Friday, December 25, 2009

Merry Christmas!

Hey, just a quick shout out to say Merry Christmas and Happy Holidays to everyone!

The New Year is approaching... time to re-focus on your goals and continue to challenge yourself to improve your fitness and performance!

All the best,


Saturday, December 19, 2009

17-My "Barbarian" Post Workout Power Shake

This video is a quick look at how I make my own post-workout "Barbarian" Protein Shake. I throw alot of good stuff in there, including:
  • yogurt
  • whey protein
  • 'good' fats (ie- flax oil or fish oil)
  • baby carrots
  • an apple
  • a handful of spinach
  • oatmeal
  • grape juice
  • creatine
  • frozen berries
...and more.

Check it out, and leave me a comment with your protein "power" shake recipes.

If you checked out my post from last week, you saw Jeff Anderson's information on how to "Make Your Own Supplements". As he explains you don't need to spend alot of money on fancy, expensive supplements. I would argue that most of that extra money you would spend on "big name" supplements goes toward exaggerated advertising and marketing hype!

This makes me mad.

In most cases you can find nutritional supplements of the same quality for a much lower price, or you can purchase the ingredients yourself at a fraction of the cost! If you want more information on supplementing your diet, and how to save money by making your own supplements, check out Jeff’s site at, or post your questions below; you can also sign up to see a video on his site that shows you how he makes a great pre-workout energy drink.

I’ve read his ebook, and used some of his ideas myself… there is some good stuff in there.

Ok, I've been focusing on nutrition for a few posts now, and hopefully it's helped you all stay on track over the holidays! Over the next few weeks I will be sharing some great training information with you (ie- bodyweight workouts, core training, home workout ideas, etc). Stay tuned for that!

Stay fit,


Friday, December 18, 2009

How to Choose a Protein Supplement

In this issue I want to discuss nutritional supplementation.

When it comes to nutrition, my focus is usually on "whole food", although often supplements are very helpful to ensure proper nutritional demands are met. I’ve mentioned Juice Plus in a previous newsletter, and the importance of a whole food fruit and vegetable concentrate (Check out, but this time I’d like to focus on protein supplementation.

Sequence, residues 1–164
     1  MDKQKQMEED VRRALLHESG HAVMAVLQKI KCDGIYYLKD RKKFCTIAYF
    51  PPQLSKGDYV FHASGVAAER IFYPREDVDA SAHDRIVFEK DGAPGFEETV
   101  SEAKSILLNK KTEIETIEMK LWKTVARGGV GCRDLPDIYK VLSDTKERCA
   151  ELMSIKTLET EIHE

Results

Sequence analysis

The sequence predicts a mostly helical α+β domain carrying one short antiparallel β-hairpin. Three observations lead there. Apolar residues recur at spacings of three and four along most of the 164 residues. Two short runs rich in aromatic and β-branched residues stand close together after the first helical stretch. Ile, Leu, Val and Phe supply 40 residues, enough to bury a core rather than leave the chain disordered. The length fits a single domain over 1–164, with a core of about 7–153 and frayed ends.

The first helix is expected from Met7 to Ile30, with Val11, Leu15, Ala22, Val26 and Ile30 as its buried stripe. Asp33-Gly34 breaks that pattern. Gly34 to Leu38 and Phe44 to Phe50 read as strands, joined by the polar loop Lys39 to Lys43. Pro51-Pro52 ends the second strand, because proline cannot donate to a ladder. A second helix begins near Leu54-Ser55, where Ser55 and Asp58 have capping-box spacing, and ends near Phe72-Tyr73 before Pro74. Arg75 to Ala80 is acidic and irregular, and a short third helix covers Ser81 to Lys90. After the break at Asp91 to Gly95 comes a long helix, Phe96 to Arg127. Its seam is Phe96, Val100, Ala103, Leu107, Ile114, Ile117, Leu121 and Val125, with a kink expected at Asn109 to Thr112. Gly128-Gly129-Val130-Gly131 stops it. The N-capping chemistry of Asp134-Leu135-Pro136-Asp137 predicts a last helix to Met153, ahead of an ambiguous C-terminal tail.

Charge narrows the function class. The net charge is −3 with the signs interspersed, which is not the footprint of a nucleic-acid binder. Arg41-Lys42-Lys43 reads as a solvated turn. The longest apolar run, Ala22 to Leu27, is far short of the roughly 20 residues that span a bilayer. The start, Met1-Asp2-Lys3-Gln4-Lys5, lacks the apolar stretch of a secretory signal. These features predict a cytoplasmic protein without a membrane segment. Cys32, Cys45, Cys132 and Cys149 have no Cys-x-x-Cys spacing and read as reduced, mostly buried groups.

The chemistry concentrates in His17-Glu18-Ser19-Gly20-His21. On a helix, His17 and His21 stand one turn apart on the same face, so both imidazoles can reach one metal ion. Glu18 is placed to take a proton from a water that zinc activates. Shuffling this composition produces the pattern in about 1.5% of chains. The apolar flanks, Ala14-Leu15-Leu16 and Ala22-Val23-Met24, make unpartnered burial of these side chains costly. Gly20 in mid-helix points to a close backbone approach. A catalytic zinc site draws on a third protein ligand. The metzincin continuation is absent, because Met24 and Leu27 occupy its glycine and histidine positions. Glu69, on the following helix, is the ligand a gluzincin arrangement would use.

I recently had a client ask me about taking whey protein (how much to take, when to take it, what type to take, what quality, etc). He was confused by all of the different protein supplements available and the overwhelming amount of advertising.

We all know that to build muscle, you need protein, right?
If you're aware of how much protein is necessary to recover properly from your workouts every day, chances are you've figured out that supplementing with protein shakes is an easy way to get in some great quality protein to build muscle.

I usually recommend consuming 1 gram of protein per lb of lean bodyweight per day. The question is WHICH protein should you be taking?

When you shop for a good protein powder, you will be bombarded with all kinds of crazy marketing for the latest Super Powered Protein supplement. In my opinion, many of these supplements are hyped up junk, and cost much more then they should.

The truth is you can make your own powerful supplements right in your own home, and save some decent money while you’re at it.

Jeff Anderson, the Muscle Nerd, talks about this in this great resource he produced at

This video tutorial by Jeff Anderson does a great job of explaining protein supplementation. In it he discusses:

•Which protein get's an "A+" on the Muscle Nerd Report Card of supplements.
•The exact times you should take your protein supplements to gain more muscle.

Protein Supplement Review Report Card: Beyond The Basics!

By The Muscle Nerd, Jeff Anderson

For more information on supplementing your diet, and how to save money by making your own supplements, check out Jeff’s site: Make Your Own Supplements